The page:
Background: Despite an estimated 59,000 incident pediatric HIV infections in 2012 in Nigeria, rates of early infant diagnosis (EID) of HIV service uptake remain low. We evaluated maternal factors independently associated with EID uptake in rural North Central Nigeria.
Methods: We performed a cohort study using HIV/AIDS program data of HIV-infected pregnant women enrolled into HIV care/treatment on or before December 31, 2012 (n = 712). We modeled the probability of initiation of EID using multivariable logistic regression.
Results: Three hundred fifty-seven HIV-infected pregnant women enrolled their infants in EID across the 4 study sites. Women who enrolled their infants in EID vs. those who did not were similar across age, occupation, referral source, and select laboratory variables. Clinic of enrollment and date of enrollment were strong predictors for EID entry (P < 0.001). Women enrolled more recently were less likely to have their infants undergo EID than those enrolled at the beginning of the project (January 2011 vs. January 2010, adjusted odds ratio = 0.35, 95% confidence interval: 0.22 to 0.56; January 2012 vs. January 2010, adjusted odds ratio = 0.30, 95% confidence interval: 0.14 to 0.61). Women who received care in the more urban setting of Umaru Yar Adua Hospital were more likely to have their infants enrolled in EID than those who received care in the other 3 clinics.
Conclusions: HIV-infected women in our prevention of mother-to-child HIV transmission program were more likely to bring in their infants for EID if they were enrolled in a more urbanized clinic location, and if they presented during an earlier phase of the program. The need for more intensive family engagement and program quality improvement is apparent, especially in rural settings.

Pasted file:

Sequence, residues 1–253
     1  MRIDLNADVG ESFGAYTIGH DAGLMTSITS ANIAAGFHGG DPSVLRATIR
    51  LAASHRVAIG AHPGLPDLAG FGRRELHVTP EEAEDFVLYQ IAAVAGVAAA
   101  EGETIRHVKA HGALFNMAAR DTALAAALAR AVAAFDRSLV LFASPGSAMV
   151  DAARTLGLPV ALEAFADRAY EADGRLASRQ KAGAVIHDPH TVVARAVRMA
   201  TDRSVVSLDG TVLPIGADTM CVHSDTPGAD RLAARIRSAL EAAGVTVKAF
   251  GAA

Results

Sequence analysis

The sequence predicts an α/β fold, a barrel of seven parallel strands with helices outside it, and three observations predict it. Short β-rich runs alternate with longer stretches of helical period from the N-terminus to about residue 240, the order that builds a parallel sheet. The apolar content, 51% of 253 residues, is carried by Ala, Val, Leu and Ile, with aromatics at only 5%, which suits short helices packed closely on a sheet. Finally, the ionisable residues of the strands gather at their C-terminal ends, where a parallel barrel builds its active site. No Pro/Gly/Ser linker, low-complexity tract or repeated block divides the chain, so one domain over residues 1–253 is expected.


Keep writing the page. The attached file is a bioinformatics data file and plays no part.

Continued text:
*Vanderbilt Institute for Global Health, Vanderbilt University, Nashville, TN;
Departments of †Health Policy;
‡Biostatistics, Vanderbilt University School of Medicine, Nashville, TN;
§Westat, Rockville, MD;
‖Friends in Global Health, Abuja, Nigeria;
Departments of ¶Medicine; and
#Pediatrics, Vanderbilt University School of Medicine, Nashville, TN.
Correspondence to: Muktar H. Aliyu, MD, DrPH, Vanderbilt Institute for Global Health, 2525 West End Avenue, Suite 750, Nashville, TN 37203-1738 (e-mail: firstname.lastname@example.org).
Supported by the Eunice Kennedy Shriver National Institute of Child Health and Human Development of the National Institutes of Health, award number R01HD075075 (M.H.A., M.B., C.M.A., B.E.S., C.W.W., S.H.V.). C.M.A. is supported in part by Clinician and Translational Science Award/Vanderbilt Clinical & Translational Research Scholars grant (KL2TR000445).
The authors have no conflicts of interest to disclose.
The findings and conclusions in this article are those of the authors and do not necessarily represent the official position of the National Institutes of Health.
Received January 21, 2014
Accepted May 05, 2014